One of the questions I often get asked about presenting is “how do you stay fully focused so that you don’t forget what you’re saying?”
Being really good at presenting is becoming increasingly important and it is an essential skill if you want to be a truly effective leader in your business. Your ability to be fully, extraordinarily present in your presentations is a crucial element of success.
The higher your profile and influence, the more numerous and compelling are your sources of distraction.
Here are 11 suggestions for helping you to stay fully focused and present for your audience.
Each one is simple and easy to implement and together they are a recipe for presentation excellence on a level commensurate with presenting for true leadership.
Imagine your feet have roots that go deep into the earth. The earth gives you energy and stability. You are steadfast and powerful!
Visually, it’s important. Overall, it makes a difference in how strongly you and your ideas are accepted. You will feel like you have more authority if you look like you should.
Breathe slowly, deeply, and calmly. “Belly breathe” by taking fuller breaths, and learn how to control your exhalation so you support the sound to the ends of phrases. Be aware of each nourishing breath.
It’s a privilege to have an audience listen to you so take time to really connect with them. Smile, greet them and then wait for their response. Then you have connected.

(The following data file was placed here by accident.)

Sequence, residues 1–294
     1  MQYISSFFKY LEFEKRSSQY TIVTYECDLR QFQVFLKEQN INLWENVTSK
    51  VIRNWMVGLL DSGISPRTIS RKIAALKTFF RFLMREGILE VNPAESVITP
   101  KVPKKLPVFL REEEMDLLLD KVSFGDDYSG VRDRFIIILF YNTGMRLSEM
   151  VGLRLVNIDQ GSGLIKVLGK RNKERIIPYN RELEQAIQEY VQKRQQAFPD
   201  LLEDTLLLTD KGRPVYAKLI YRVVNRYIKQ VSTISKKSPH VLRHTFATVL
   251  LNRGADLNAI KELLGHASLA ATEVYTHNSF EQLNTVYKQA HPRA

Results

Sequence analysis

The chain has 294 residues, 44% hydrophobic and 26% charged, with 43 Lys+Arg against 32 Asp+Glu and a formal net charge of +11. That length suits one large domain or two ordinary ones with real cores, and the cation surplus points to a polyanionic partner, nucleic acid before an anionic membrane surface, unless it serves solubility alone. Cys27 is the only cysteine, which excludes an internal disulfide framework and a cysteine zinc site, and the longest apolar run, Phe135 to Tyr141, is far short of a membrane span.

Presenting can make you speak too rapidly because of adrenaline. Take your time to enjoy the opportunity, which is only here now and in a moment will be gone forever.
Take in sensually everything that’s going on around you. Hear with your eyes, feel the audience’s reactions as if it were tactile, taste the ideas in your mouth, etc.
It’s your audience that matters, not you! Lose yourself in your message and how it is being received. If you are a leader who isn’t used to hearing this, I will repeat it: you don’t matter.
The story is what the audience is here for. Whatever you’re talking about, it’s a story, a narrative. In that sense you’re always involved in storytelling. Tell people the story you want them to hear.
Silence is one of the most powerful tools in your presentation toolbox. It helps you pace your presentation. It gives audiences time to fully take in what you’re saying. It also tells audiences, “I’m confident.”
The body is an essential tool of human communication so be careful that your gestures are congruent with your message. Make sure you’re not giving off mixed messages.
Learn how to get rid of the self talk that gets in the way and spoils your concentration.
The best way to implement these techniques is to do it one at a time.
Choose one and then practise it in low-risk presentation situations. Then when you feel confident and comfortable with it move on to the next one and in that way you’ll increase your presentation toolkit and become an outstanding leader that people look forward to listening to.
Until next time,
With best wishes for your success,
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Cath Daley Ltd.
If you want to find out additional tools and techniques that take your presentation from average to outstanding then check out our resources at Winning Presentations.